Needless to say, the lack of a centralized process to monitor development of new positions could potentially lead to inconsistencies in job descriptions and job titles, as well as internal and external inequities in salaries. Our new process is as follows:
- The department develops a job description and submits it to our HR compensation unit for classification in the salary structure. This may include a recommendation from the department regarding the proposed salary range for the new position.
- The compensation unit works with the department to finalize the job description, evaluates the position for exemption status, reviews available market salary data, classifies the position into the salary structure, and recommends a proposed hiring salary range to the department.
- The department submits the job description and proposed hiring salary range to the appropriate vice president for approval. In the case of budget requests for new positions, the lead time is often more than one year, requiring careful planning by departments.
- The department submits the approved requisition, job description, and hiring salary range to our HR employment unit for recruitment.
An administrative position-review committee—consisting of members of the HR management team with experience in job analysis and evaluation—is responsible for classification. The committee meets as needed, up to two times per month. New positions are compared to the original benchmark positions and to other positions already classified and assigned to the grade providing the closest match to the job. Comparison factors include scope and complexity; interpersonal focus and customer orientation; communication; leadership responsibility; education, knowledge, and skills; financial responsibility; and job worth.
7. Submit the full structure for cabinet overview. In March 2007 we provided the president's cabinet, specifically the president and each divisional vice president, with copies of the full salary structure for their review, including titles and pay grades for all administrative positions, though not salary information. Overall, there was a high level of acceptance at the cabinet level, and minimal changes were made based on their recommendations. At the request of our budget and treasury division, we agreed to move the implementation date for the new structure to July 1, 2007, to coincide with the beginning of the new fiscal year. Actual budgetary implications were minimal, with only a handful of positions requiring immediate salary increases to bring them to their pay-grade minimums.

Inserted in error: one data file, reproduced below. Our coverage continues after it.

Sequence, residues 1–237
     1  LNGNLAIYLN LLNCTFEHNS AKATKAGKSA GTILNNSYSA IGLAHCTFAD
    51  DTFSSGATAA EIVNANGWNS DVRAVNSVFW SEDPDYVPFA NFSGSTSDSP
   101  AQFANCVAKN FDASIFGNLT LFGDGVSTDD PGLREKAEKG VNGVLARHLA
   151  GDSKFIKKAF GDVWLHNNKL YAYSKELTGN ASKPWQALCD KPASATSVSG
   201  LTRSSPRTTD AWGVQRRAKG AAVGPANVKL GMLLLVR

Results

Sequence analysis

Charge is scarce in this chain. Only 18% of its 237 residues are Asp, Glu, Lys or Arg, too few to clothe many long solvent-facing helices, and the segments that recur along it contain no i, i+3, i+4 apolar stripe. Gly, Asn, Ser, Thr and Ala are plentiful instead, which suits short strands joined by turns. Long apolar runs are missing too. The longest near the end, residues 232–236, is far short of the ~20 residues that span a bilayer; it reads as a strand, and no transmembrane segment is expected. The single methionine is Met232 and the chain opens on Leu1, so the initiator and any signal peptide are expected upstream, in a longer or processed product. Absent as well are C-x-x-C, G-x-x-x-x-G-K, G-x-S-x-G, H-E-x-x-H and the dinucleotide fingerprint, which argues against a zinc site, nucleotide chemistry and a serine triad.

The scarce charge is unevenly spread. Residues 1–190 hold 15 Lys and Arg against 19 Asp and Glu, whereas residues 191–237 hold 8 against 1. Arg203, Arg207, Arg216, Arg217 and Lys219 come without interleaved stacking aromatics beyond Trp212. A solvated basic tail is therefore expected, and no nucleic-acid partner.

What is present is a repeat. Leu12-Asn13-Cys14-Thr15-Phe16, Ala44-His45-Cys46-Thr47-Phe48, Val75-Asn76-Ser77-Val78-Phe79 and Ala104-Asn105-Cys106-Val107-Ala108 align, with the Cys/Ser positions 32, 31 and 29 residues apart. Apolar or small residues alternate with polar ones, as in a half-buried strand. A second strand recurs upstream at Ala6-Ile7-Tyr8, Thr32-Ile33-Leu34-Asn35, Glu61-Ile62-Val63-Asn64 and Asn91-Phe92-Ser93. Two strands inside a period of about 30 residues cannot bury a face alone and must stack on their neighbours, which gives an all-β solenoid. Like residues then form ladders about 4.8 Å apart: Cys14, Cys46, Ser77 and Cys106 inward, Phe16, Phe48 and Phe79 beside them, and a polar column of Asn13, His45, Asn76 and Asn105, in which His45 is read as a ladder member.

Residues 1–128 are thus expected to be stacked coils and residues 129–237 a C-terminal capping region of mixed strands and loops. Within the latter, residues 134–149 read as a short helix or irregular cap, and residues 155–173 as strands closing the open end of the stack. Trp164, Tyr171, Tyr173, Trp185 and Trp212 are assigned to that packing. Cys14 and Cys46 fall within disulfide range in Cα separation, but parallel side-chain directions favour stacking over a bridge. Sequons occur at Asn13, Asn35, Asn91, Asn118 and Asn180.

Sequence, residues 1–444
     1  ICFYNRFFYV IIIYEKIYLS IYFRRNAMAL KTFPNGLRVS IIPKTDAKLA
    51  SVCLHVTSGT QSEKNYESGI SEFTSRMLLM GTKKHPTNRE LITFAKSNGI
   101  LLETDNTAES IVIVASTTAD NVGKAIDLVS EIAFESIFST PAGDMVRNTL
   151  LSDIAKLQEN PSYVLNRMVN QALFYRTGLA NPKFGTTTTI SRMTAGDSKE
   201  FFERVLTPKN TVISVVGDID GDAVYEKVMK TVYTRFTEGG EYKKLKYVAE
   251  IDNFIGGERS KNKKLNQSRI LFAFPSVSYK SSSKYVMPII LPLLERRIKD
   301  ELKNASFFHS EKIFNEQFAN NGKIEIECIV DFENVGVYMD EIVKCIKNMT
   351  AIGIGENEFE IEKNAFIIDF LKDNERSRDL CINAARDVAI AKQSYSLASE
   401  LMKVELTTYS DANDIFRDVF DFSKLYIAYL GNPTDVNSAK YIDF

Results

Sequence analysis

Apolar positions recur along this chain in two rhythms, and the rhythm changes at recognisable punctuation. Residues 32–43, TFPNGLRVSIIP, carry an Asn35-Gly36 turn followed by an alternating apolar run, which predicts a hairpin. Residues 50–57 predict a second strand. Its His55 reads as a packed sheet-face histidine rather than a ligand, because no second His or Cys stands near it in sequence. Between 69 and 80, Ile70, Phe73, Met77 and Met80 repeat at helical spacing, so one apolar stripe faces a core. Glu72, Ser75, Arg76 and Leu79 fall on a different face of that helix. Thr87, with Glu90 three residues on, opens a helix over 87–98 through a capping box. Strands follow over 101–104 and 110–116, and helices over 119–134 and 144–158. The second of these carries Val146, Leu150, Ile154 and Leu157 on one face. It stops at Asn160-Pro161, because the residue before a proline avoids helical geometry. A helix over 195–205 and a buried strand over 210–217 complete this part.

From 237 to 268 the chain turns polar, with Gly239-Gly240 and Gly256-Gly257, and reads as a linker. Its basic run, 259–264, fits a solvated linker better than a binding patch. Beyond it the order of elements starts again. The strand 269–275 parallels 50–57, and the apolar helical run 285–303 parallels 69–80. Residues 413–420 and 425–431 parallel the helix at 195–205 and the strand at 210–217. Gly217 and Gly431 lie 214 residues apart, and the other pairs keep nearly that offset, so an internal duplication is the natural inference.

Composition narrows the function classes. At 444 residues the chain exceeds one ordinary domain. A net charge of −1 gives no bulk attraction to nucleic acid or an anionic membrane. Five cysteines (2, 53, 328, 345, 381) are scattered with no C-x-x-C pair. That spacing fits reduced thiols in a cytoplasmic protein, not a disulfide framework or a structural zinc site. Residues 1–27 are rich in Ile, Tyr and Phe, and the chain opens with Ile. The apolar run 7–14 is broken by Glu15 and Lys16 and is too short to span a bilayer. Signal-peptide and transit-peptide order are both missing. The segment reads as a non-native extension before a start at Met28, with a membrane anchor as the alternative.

Selling the New Structure to Employees
We developed a variety of communication materials to introduce the administrative compensation program to the full campus community. Additionally, each administrator was provided with individual written notification of his/her position's pay-grade classification. Pay-grade information for each position was uploaded to the HR Web site. Employees could view their personal pay-grade information online as well as the pay-grade information for any administrative employees they supervised.
For the first time in USD's history, we now have a formal process for developing and valuing administrative positions. While we still have issues of title inconsistency, and while we need to further improve the quality of some of our job descriptions, over time, we are confident that this new process will assist us in identifying and correcting these issues.
Our administrative compensation program also provides the basis for several future projects planned by the university. One such project is to implement an electronic position-control feature that links our finance and HR modules so that we can more accurately track and monitor the status of positions in the budget and that will assist us in planning for additional positions. We also view our new salary structure process as the beginning point to develop more standardized job descriptions, which will then lead to determining standardized skills and competencies that will ultimately allow us to develop relevant career paths for all of our employees.
Janie Carolin is compensation services manager and Gregory Pogue is associate vice president for human resources at the University of San Diego. E-mail: firstname.lastname@example.org; email@example.com.